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THE IMPORTANCE OF SKILLS DEVELOPMENT AND THE NEW BBBEE CODES

In Article Archive, Members by Neil Raymer1 Comment

How will an organisation’s upcoming skills development submission impact on its future BBBEE ratings and what steps can be taken to maximise their scores in this element?

The amended BBBEE codes, which come into effect on 1 May 2015, introduce the concept of priority elements namely, ownership, skills development and supplier and enterprise development. In simple terms, if an organisation fails to obtain 40% of the points allocated in any of these elements, its rating will be discounted by one level.

Companies with less than 10% black ownership will automatically have their ratings discounted by 1 level, which means that those wishing to obtain a rating (albeit a Level 7 or 8) will need to concentrate on all the other elements and in particular skills development. Even if an organisation has good BBBEE ownership credentials (51%+ black ownership) they will be required to score 40% in this element if they don’t want to be discounted a level. Remember that references to black people in respect of the BBBEE Act also include people of coloured and Indian descent.

The amended codes are already in play as an organisation’s 2016 (or sooner) rating will be based on the current financial year it is in; i.e. if an organisation has a financial year from 1 March to 28 February, the codes would already have been in effect for the month of March 2015.
The amended codes place a great deal of emphasis on organisations assisting and transferring hard skills (qualifications and accredited courses) to black employees and black unemployed persons. The result of this is that little weight (maximum of 15%) is given to soft skills; i.e. customer service, firefighting etc. The target for skills development spending on black people has also increased from 3% of the leviable payroll to 6%. The above stresses the need for organisations to take their skills submissions (due on 30 April 2015) very seriously, as refunds and grants offered by the SETAs can go some way to negating the additional costs associated with the increased targets.

The amended generic scorecard (for organisations whose turnover exceeds R 50 million per annum), allocates 25 points to the skills development element and it is thus vital to score well in this element.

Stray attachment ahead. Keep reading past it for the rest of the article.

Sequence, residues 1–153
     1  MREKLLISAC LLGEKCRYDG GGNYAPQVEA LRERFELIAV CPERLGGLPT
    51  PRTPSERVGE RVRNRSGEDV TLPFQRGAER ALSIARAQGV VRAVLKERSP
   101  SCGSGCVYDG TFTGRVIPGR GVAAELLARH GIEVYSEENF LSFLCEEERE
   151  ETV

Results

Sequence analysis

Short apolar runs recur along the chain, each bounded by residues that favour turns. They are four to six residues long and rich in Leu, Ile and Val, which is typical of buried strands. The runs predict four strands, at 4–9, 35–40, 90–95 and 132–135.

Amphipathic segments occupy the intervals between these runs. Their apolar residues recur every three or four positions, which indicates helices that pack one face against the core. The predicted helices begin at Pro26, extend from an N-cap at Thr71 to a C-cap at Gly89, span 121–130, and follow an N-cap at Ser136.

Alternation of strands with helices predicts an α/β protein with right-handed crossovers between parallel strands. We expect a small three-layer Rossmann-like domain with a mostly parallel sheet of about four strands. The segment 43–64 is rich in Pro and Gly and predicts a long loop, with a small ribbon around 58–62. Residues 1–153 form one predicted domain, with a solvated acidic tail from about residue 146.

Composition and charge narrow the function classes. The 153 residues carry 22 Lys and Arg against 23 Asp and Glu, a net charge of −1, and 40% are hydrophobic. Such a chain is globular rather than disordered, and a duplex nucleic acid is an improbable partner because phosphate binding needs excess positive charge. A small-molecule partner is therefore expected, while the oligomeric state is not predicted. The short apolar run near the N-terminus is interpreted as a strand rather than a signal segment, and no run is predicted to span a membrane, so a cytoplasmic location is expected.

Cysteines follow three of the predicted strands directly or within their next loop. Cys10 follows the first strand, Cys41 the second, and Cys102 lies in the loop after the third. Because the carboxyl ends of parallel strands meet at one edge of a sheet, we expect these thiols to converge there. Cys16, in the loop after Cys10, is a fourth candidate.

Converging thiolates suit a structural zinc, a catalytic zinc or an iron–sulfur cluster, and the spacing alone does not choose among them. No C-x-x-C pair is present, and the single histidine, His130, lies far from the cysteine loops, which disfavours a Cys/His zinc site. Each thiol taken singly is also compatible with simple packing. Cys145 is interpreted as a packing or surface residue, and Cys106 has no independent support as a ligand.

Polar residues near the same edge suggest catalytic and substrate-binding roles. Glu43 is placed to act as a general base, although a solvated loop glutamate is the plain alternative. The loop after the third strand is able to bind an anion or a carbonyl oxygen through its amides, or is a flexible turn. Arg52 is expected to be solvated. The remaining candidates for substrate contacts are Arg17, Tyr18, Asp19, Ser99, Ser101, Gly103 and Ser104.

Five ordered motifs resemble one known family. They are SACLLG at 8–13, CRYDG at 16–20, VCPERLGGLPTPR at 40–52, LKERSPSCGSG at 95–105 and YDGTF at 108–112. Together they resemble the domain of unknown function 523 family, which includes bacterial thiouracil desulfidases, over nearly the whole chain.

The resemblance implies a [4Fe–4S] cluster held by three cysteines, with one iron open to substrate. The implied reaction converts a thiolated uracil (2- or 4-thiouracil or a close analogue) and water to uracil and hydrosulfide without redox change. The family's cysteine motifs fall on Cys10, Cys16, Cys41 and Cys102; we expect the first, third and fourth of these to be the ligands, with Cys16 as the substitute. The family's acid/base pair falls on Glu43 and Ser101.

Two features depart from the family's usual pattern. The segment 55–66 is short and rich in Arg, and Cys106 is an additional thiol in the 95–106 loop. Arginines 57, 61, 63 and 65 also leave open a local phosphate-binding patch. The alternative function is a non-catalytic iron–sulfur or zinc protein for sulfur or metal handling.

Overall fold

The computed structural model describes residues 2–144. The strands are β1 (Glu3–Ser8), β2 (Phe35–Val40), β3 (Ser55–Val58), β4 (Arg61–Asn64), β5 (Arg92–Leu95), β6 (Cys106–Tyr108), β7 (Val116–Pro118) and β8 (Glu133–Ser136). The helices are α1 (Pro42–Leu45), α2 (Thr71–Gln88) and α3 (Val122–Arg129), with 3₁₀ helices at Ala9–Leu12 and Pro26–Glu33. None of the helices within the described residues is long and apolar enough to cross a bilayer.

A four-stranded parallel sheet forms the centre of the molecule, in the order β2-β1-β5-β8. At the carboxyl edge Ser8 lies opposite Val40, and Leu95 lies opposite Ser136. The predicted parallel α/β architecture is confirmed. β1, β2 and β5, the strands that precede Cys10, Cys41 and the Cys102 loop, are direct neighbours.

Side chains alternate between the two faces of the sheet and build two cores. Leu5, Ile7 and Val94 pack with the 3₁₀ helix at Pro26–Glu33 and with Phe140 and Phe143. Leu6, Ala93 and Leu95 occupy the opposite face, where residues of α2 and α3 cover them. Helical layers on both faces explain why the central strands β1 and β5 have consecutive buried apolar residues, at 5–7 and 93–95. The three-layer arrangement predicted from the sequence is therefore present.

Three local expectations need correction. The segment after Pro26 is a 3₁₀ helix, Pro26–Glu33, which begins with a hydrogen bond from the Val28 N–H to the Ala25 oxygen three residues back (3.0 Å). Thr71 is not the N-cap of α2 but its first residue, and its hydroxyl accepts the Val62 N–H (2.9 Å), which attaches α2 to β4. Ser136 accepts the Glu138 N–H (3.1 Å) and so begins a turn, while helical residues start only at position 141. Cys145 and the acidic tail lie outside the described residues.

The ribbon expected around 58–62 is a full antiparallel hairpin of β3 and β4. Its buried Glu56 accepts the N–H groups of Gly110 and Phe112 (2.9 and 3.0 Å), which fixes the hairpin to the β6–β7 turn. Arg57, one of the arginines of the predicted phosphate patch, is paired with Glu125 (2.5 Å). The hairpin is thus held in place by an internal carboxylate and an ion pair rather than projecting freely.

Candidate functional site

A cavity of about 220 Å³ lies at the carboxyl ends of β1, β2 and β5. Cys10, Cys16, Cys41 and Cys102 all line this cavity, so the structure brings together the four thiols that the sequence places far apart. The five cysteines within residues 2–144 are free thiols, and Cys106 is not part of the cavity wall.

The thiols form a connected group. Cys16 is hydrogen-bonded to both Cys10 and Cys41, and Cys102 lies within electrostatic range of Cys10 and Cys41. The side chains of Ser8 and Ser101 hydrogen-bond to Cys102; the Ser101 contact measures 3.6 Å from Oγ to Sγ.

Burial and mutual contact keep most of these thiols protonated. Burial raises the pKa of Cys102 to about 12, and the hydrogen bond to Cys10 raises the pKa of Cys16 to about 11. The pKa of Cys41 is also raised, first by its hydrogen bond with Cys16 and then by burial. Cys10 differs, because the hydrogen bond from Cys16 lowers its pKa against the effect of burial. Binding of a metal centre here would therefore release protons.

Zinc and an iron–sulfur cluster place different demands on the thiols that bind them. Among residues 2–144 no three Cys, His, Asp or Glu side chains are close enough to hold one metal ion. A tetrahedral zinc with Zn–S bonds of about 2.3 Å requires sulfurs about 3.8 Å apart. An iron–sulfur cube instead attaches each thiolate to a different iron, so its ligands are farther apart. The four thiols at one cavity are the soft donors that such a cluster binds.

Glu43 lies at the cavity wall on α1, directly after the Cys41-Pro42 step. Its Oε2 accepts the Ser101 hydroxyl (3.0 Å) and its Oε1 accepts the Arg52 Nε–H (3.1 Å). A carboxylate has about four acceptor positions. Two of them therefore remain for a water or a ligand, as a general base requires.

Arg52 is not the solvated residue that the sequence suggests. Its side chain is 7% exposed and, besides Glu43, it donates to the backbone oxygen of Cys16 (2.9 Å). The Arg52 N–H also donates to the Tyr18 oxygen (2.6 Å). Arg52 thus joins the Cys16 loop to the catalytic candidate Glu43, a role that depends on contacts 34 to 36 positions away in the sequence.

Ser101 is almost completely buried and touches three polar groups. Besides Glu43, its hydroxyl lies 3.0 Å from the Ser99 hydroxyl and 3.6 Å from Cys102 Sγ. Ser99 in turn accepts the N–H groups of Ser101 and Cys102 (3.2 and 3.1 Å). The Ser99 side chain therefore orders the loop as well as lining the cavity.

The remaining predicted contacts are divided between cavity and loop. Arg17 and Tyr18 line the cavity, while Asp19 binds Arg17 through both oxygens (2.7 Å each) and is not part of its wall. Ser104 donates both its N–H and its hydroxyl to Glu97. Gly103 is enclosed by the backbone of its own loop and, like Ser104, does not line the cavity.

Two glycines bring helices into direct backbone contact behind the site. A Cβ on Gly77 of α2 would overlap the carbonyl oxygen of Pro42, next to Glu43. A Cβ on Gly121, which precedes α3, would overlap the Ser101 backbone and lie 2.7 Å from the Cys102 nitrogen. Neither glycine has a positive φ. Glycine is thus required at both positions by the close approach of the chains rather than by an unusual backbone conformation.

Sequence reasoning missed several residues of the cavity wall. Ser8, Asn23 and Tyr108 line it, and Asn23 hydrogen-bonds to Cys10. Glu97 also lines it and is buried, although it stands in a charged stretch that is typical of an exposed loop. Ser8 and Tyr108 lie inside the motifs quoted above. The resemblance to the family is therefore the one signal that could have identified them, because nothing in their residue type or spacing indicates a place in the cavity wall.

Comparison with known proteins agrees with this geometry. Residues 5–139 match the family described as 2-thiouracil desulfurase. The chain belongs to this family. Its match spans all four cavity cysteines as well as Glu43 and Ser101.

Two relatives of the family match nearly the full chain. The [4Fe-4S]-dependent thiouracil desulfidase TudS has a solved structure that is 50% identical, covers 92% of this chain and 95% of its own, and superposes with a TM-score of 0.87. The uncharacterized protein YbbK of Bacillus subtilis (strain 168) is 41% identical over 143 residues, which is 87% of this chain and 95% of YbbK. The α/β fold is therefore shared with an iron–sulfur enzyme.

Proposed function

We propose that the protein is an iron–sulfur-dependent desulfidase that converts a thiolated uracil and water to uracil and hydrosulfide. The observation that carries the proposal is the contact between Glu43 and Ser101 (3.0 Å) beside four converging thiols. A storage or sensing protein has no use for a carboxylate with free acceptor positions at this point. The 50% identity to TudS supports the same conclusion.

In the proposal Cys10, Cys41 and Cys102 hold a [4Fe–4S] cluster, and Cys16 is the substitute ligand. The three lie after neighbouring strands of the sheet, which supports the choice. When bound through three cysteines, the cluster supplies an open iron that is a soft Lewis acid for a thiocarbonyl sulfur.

Taking into account the above, we wish to offer the following advice:

• Submit your Annual Training Report (ATR) and Workplace Skills Plan (WSP), as failure to do so will disqualify you from scoring in this element.
• Give serious consideration to the scarce and critical skills facing your organisation and report them to your SETA as part of the WSP.
• Make provision for learnerships, apprenticeships and internships in your PIVOTAL plans. The codes set a target of 2.5% participation in such programmes in respect of an organisation’s total number of employees.
• Make provision for the utilisation of unemployed black people in the programmes referred to above, as the same target of 2.5% applies.
• Remember that the salaries or stipends paid to employees in the above programmes can be included in determining your training costs (this can have a massive impact in reaching the 6% target).
• Set out a timetable for training and measure progress on a monthly basis.
• Utilise the services of black people with disabilities and provide them with training (too many organisations neglect this aspect). There are 4 points on offer in this regard.
• Ensure new black employees, who were unemployed prior to taking up employment, sign a declaration to this effect before commencing employment.
• Ensure that every employee provides a certified identity document prior to commencing employment.
• Keep proper and up to date records. This has become vital, as the black people trained may not be in employment at the time of the verification.
• Wherever possible, retain the people that were in learnership, apprenticeship and internship programmes, as this can count for an additional 5 bonus points in this element.
• If the person cannot be retained, ensure that you obtain his/her contact details, as points can be accumulated if he/she finds alternative employment. The exit interview can be used for this purpose.
• Try and marry internal training programmes, where organisation-specific skills are taught, to an existing accredited training programme (piggybacking). This is not a quick process and it may take some time before the benefits are fully appreciated.
• Incorporate skills development as part of wider BBBEE plan and monitor progress on a monthly basis.
• Although the Qualifying Small Enterprise (QSE) scorecard will contain less stringent requirements we suggest that organisations follow the same approach.

Neil Raymer for Labourwise

Comments

  1. Thank you Neil for such an insightful article. It is the best article I have ever read on the new codes and provides practical ways to maximize the points.

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